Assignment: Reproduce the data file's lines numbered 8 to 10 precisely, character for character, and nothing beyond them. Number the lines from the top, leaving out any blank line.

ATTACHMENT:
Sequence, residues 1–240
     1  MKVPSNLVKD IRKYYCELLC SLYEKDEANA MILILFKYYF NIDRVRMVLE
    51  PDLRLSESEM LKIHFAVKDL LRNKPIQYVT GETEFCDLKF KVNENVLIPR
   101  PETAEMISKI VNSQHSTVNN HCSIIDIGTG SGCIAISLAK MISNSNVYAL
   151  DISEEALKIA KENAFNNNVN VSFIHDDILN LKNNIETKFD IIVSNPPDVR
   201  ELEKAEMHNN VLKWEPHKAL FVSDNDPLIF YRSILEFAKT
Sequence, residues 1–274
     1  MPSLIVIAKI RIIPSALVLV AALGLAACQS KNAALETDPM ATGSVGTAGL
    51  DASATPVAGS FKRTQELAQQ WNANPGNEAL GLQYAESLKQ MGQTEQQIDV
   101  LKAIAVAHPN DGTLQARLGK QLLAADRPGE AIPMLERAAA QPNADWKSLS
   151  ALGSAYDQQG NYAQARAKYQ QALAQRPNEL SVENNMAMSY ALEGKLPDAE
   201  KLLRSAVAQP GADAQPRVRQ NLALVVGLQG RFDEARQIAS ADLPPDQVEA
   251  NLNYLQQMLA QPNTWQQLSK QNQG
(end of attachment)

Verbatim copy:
     1  MPSLIVIAKI RIIPSALVLV AALGLAACQS KNAALETDPM ATGSVGTAGL
    51  DASATPVAGS FKRTQELAQQ WNANPGNEAL GLQYAESLKQ MGQTEQQIDV
   101  LKAIAVAHPN DGTLQARLGK QLLAADRPGE AIPMLERAAA QPNADWKSLS